Spectacular end proposed for the star Betelgeuse

The research has been published in a letter to Nature, available online at http://dx.doi.org/10.1038/nature13522

Betelgeuse has 600 times the diameter of the sun and is the tenth brightest star in the night sky. Since 2012 it has been known that the red supergiant, 600 light-years distant, is surrounded by a shell of dense gas and dust (see image to the right).  Mackey and his colleagues describe in their Nature paper a new hypothesis for this formation.  It is well known that red supergiants (and other stars) accelerate gas from their surface into space -- a stellar wind.  UV radiation from interstellar space heats and ionizes this stellar wind, which the Bonn researchers modelled with computer simulations.  This heat drives a shockwave, which decelerates the wind.  In this way an almost static shell of gas and dust ejected by the star is formed, some distance away from Betelgeuse.

At the end of its life Betelgeuse will explode as a supernova.  It's explosion will light up the heavens with a brightness comparable to the full moon, so bright that it may be visible both day and night.  Exactly when this will happen is unfortunately impossible to predict.  In the supernova explosion, the outer layers of Betelgeuse are accelerated outwards and flung into space.  These stellar debris fly with thousands of kilometres per second towards the gaseous shell.  The dense shell provides the target  which will light up in a spectacular second "explosion" when the stellar remains crash into it, a year or more after ther star's demise. 

"This process should also occur around other red supergiants", say the Bonn researchers.  The mass of the shell could be much larger around these other stars, up to 5 solar masses according to calculations.  This could explain why some supernova explosions are 10 to 100 times brighter than theoretically expected.  When a star explodes within such a massive shell, the collision between the stellar debris and the shell is so violent that it is brighter than the supernova itself.

Supernovae should be observed every 100 years or so in the Milky Way.  In a neighbouring galaxy, the Large Magellanic Cloud, a supernova explosion was discovered in 1987.  Despite the enormous 160,000 light year distance to the supernova, it was bright enough to be visible to the naked eye, albeit only in dark skies at night.  The blastwave from this explosion is still crashing into nearby clouds of gas, lighting up the bright rings seen with the Hubble Space Telescope in the image (see image above).  Betelgeuse's shell provides the target for potentially a much more dramatic fireworks display.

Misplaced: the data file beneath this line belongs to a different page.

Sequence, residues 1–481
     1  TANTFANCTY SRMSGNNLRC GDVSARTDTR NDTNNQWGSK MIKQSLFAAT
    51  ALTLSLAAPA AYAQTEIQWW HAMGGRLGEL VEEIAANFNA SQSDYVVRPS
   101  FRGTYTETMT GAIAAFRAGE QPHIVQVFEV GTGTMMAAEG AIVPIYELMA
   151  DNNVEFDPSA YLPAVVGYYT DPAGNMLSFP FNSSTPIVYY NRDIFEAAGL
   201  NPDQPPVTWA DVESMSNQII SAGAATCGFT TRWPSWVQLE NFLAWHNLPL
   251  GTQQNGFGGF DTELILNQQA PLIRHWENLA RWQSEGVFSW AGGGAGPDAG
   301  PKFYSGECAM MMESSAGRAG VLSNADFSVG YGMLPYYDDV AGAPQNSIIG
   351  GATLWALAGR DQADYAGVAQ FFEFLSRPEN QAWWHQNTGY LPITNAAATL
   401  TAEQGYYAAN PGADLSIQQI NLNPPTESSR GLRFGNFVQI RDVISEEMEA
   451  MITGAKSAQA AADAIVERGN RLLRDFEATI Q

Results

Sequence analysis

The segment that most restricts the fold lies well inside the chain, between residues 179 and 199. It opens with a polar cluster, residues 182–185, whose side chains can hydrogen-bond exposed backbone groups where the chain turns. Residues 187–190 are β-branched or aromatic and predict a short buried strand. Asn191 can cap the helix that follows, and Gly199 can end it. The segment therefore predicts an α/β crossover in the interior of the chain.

The last supernova explosion in the Milky Way occurred some time ago: Italian observers noted in October 1604 a new object in the sky, that was brighter than all other stars.  The German astronomer Johannes Kepler described the phenomenon in detail; since then the supernova has been named after him.  The explosion of Betelgeuse would be much more spectacular for Earth's inhabitants -- the red supergiant is 30 times closer to us than Kepler's supernova.


Infrared image of Betelgeuse's surroundings.
The star is the bright central spot, surrounded by the inner shell that has now been explained by the Bonn researchers. Betelgeuse is flying through space (here towards the top left corner) at faster than the speed of sound, so its wind drives a bow shock ahead of it. When the star explodes as a supernova, debris from the star will collide with the inner shell and later the bow shock. (Credit: Vasilii Gvaramadze, using data from ESA/Herschel/PACS/L. Decin et al.)

A String of 'Cosmic Pearls' Surrounds an Exploding Star
[Credit: NASA, ESA, P. Challis and R. Kirshner (Harvard-Smithsonian Center for Astrophysics)]